37 Albert Edward Shoosmith
Albert was 20 years old, born 1894 in Middlesex England, and living in Waverley Sydney prior to enlistment and a was painter by trade.
Gail McLoughlin, grand-daughter of Albert Shoosmith gives a personal introduction…..a first hand account.
“My grandfather migrated from England with his mother and two of his 7 sisters…..others followed. He was 14 and his father stayed in England.” ( Arrived Sydney 3rd May 1909 sisters Kate and Susie, Albert and their mother Susan.)
“His future wife Gertrude Isabella Willoughby, had also migrated from England with her family. Gertrude had met Albert’s sisters and they arranged for her to be a pen pal to their Albert during the war…….I have some postcards he wrote to her…….They married and had two children Neville and Shirley. They lived at Abbotsford in Sydney and he continued to be a painter. My dad ( Neville) remembered him rowing across Parramatta River from Abbotsford Point to Putney Wharf.”
Albert served at Gallipoli up to 9th May 1915 when he was struck down with dysentery and was then transferred to Lemnos , and then onward to convalesce at Cairo.
After recovering he was attached to duty with the MMP, Military police for a period with rank of acting Corporal and attached to Military Headquarters in Zietoun.
In August 1916, Albert like so many MMP’s was happy to revert back to the rank of sapper and be back among his friends, and in November rejoined his unit the 1st FCE in the field in France where he stayed for the duration of the war.
Gail McLoughlin mentioned that Albert visited his father – Joseph- while he was on leave in 1916 before he was sent to France. Gail has shared a photo taken at Notting Hill of Albert and his Dad (Joseph) …. see below
The Sydney Morning Herald reported on the 3rd December 1918 the following……..
” The military authorities announce that the following men who enlisted in 1914 are returning to Australia by Boat “O”…………..”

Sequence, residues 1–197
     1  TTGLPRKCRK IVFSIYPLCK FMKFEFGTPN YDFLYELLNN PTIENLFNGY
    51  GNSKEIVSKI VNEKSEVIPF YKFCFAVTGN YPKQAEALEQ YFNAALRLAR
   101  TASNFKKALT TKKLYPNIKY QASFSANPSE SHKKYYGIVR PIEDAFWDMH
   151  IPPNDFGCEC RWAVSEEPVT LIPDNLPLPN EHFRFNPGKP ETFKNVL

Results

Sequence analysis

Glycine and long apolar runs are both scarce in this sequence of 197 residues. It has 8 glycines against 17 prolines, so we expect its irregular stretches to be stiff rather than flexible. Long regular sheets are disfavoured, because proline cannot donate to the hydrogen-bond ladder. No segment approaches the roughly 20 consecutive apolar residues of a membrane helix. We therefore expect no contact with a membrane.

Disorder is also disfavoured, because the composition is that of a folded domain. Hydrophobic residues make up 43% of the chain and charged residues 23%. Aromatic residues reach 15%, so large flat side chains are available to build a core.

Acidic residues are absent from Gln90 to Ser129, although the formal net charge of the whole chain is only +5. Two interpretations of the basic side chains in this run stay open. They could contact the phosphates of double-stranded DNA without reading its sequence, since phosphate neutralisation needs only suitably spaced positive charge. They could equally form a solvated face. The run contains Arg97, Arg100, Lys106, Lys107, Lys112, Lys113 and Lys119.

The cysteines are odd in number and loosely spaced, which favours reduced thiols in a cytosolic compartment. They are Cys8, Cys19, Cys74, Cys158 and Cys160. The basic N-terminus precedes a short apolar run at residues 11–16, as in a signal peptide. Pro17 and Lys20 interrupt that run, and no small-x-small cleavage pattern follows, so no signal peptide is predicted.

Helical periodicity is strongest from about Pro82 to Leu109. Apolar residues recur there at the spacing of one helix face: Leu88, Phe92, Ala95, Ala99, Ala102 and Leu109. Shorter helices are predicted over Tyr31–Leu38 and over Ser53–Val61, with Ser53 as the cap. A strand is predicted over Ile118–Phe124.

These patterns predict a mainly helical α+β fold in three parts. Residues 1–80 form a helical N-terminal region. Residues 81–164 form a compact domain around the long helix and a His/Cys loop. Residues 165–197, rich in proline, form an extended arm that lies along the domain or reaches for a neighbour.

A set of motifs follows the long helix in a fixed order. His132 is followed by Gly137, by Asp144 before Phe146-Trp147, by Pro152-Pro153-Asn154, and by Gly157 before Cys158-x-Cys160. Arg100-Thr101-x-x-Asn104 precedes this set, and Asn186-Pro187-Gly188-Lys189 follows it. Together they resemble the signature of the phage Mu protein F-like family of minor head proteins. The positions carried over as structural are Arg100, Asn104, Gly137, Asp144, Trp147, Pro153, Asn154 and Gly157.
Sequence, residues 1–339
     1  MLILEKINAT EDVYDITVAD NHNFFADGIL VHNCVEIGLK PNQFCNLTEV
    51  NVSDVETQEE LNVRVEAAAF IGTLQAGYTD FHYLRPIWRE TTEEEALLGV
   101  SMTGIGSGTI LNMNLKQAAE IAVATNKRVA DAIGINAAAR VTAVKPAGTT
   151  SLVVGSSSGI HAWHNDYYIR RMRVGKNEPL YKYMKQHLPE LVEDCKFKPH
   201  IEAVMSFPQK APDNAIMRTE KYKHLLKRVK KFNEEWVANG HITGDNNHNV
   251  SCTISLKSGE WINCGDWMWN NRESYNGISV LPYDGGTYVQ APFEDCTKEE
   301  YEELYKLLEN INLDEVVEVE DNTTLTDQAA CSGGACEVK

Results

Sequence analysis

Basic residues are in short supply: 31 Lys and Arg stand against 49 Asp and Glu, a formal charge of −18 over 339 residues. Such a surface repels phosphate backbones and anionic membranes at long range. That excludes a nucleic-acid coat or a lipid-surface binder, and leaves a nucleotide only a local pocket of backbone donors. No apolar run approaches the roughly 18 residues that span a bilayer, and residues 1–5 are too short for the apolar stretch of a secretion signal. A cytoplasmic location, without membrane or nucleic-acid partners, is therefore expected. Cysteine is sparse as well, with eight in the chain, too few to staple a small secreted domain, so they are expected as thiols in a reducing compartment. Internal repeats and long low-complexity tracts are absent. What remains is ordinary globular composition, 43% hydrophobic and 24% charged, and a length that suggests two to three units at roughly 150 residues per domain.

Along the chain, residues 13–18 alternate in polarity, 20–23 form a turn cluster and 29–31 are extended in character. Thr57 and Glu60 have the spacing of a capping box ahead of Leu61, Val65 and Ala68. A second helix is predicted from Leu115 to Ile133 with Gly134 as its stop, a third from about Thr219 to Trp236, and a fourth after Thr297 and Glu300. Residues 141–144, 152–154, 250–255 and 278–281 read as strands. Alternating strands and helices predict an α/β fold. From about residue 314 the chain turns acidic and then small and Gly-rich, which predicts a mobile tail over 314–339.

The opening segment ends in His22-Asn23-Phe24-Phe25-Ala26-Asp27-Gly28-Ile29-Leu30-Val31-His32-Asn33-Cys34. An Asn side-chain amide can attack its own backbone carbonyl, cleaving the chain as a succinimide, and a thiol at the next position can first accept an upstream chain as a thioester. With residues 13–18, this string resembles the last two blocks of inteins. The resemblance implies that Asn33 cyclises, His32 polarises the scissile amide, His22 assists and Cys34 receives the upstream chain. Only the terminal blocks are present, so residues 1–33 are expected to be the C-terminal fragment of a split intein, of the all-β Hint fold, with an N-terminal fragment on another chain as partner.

On board the “O”- HMAT Durham was 37 Albert Edward Shoosmith and Seventeen other originals, disembarking on Australian soil on the 23rd December 1918.
49 L.Cpl. John M. Atkins, 178 2nd Cpl. Walter J. Blattman, 228 Spr. W.J. Davis (Wm. J. Cohen), 148 Spr. James Dickson, 201 Spr. Herbert G. Eggleton, 92 Spr. Wm. Fahey, C.Q.M.S. John Flackfield (M.S.M.), 161 Spr. George. C. Gear, 24 Spr. Stanley Hense, 158 CMS. James Johnston, 193 Spr. Forde Leathley, 196 Spr. Fredrick T. Meads, 68 Jack L. McMahon, 247 Spr. Fred. Pattenden, 160 L/Cpl. Percy R. Thompson, 171 Spr. Keith W. Waterhouse, 137 2nd Cpl. George E. M.Woods.
It must have been a remarkable return voyage for these men , all having left the home shores four years earlier. After what they had done and what they had seen, no one could imagine the feelings they must have shared when they first set sight of Australia.
When Albert returned he continued his friendships with his fellow Gallipoli and Western front veterans and was a member of the Legion club. He also participated in the early Anzac marches and continued to be very proud of what he had achieved as an Engineer with the 1st Field Company.
Once Albert settled back into normal life in Abbotsford NSW, the reunited members of the 1st FCE went about documenting the course of the war for the members of the 1st Field Company. They gave a chronological account from the day the company embarked on the 18th October 1914 until the final draft left Belgium in May 1919.
Albert has passed on this “Short Account”, a lasting memory and an important timeline of events for the original company that is an important piece of Anzac History.
The “Short Account” timeline gives some insight into the companies movements throughout the Western Front campaign, and pays tribute to many of the originals and reinforcements wounded or killed in action, and specifically detailing some of the most disastrous days for the company.
During all the marching , wounding, deaths, shelling, billeting arrangements and exhausting front line work, the timeline also mentions how the men between all this hardship, found some time to hold a program of sporting events, including running races, football, and tug-of-war.
Perhaps as the Engineers sat down together discussing this chapter, they remembered these rare moments together and managed a fond smile to one another.
Albert passed away in 1962 , age 77, Gertrude applied for Albert’s Gallipoli medal in April 1967….her handwritten letter below.
Albert’s portrait and group photos of some of the Original men are rare indeed and we are privileged to offer readers a chance to identify mates of Albert and other originals.
We are lucky to have a copy of his photos and his work courtesy of Albert’s grand-daughter Gail McLoughlin who has kindly shared his memory. Gail was recently on the 100 year Anzac Centenary Cruise and spent some time at Anzac Cove for the commemorations.
Acknowledgements and Copyright : All photos are courtesy of Gail McLoughlin and remain the property of the Gail McLoughlin “Family Collection”
Sources: AWM, NAA, NLA
Albert and Gertrude were married in Burwood NSW in 1923.
Susan Shoosmith – Albert’s mother passed away in March 1961 peacefully at her daughters residence at 129 Hargrave st, Paddington NSW. She was 92 years old.